Each week here at the Australian Writers’ Centre, we dissect and discuss, contort and retort, ask and gasp at the English language and all its rules, regulations and ridiculousness. It’s a celebration of language, masquerading as a passive-aggressive whinge about words and weirdness. This week, we're taking the leading edge…
Q: Hi AWC, I was wond—
A: It’s a great day today, don’t you think? What a marvellous time to be alive!
Q: Um, sure. Anyway, I was —
A: These chats we have really are quite excellent, and so enlightening, don’t you think?
Q: Well, if I can—
A: Constantly shining a light on English and its many foibles. Gosh, foibles is a funny word – we really must take a look at that some time. Anyway, what should—
Q: Enough! I can’t get a word in edgeways!
A: Oh. Sorry.
Q: Well, it’s okay, because you’ve somehow managed to illustrate today’s topic. The other day I heard someone say that they “couldn’t get a word in edgewise”. So, which is it? Edgeways or edgewise?
A: Are you ready for the answer you hate the most?
Q: Sigh. It’s both isn’t it?
A: Ding ding ding – that’s right. It’s both!
Q: Ugh, English is the WORST.
A: Not the worst, just a little petulant at times. Anyway, you’ll be pleased to know that “edgeways” was the original word.
Q: Always good to know…
A: It edged its way into English in the 1560s, with a very literal meaning – “with the edge turned forward or toward a particular point” – a meaning it retains today.
Q: And “edgewise”?
A: It didn’t arrive for at least another 100 years, a variant likely from mishearing the original and linking to “otherwise”. Along with it came that bonus idiomatic phrase meaning “to edge in a word”.
Q: So if both are correct, which one do I use?
A: Geography settled that one for you it seems. Early on, America opted for “edgewise” and has continued this trend today. Most speakers there will be unfamiliar with “edgeways”, despite it being the dominant form everywhere except North America.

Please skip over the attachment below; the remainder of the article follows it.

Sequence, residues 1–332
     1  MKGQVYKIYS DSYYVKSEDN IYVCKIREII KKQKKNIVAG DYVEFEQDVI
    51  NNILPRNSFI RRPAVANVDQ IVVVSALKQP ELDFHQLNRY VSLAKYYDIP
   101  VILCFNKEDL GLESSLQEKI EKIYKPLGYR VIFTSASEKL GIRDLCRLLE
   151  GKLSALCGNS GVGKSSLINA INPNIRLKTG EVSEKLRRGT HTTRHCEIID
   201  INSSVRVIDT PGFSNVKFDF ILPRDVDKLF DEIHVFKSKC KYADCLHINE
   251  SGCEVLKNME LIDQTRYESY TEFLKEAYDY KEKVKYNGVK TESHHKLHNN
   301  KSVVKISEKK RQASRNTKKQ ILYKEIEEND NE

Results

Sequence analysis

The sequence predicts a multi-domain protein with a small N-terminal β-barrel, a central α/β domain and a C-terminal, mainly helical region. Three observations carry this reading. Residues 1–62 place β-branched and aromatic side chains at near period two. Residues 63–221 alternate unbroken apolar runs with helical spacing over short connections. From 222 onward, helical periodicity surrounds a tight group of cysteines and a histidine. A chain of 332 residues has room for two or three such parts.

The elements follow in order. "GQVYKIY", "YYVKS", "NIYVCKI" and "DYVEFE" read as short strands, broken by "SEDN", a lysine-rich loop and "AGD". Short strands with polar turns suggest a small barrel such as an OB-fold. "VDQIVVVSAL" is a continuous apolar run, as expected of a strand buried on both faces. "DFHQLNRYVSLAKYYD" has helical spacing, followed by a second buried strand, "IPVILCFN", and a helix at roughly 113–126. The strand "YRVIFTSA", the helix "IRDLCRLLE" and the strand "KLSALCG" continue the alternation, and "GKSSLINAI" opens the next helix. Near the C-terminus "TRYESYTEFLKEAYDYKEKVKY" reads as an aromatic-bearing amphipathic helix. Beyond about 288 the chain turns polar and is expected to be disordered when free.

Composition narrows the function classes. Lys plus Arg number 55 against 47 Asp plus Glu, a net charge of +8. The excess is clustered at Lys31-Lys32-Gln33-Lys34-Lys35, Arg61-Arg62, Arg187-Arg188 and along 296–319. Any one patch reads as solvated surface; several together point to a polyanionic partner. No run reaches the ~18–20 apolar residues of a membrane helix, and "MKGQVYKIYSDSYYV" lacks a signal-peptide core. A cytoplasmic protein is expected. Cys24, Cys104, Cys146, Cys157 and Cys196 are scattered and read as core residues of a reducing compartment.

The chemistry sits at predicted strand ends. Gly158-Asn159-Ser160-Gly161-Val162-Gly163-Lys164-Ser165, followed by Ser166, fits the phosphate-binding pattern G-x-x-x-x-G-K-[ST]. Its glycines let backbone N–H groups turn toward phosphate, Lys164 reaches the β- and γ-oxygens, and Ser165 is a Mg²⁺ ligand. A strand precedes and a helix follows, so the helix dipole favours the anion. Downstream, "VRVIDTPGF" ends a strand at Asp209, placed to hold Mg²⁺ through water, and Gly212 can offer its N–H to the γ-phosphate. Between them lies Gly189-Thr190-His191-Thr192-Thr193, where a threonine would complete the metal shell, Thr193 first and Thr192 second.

Q: So here in Australia, it’s “edgeways”?
A: That’s right. Our Macquarie Dictionary confirms this by giving the entry to “edgeways” but acknowledging the “edgewise” variant exists. Conversely, America’s Merriam-Webster lists “edgeways” as a “chiefly British” meaning for “sideways” – only crediting “edgewise” with the idiom.
Q: So in summary, there is still a literal “sideways” meaning for both?
A: Yes. Oxford Dictionaries uses the example: “You'll only get the desk through the door if you turn it edgeways.”
Q: And with the idiom about making yourself heard in conversation, it’s “word in edgewise” in America and “word in edgeways” everywhere else?
A: That’s right!
Q: All this makes me very on edge.
A: To be “on edge” – excited or irritable – dates back to 1872.
Q: Brilliant. Any other fun facts?
A: Well yes actually, for ex—
Q: Oh I’m sorry, it seems that we are out of time, my apologies, I really didn’t realise how long we’d been chatting. Perhaps next time?
A: I can see what you’re—
Q: Anyway, good old English aye? Sometimes I think I need an atlas, not a dictionary, am I right? Well, anyway, I must be going.
Do you have a question you’d like us to explore? Email it to us today!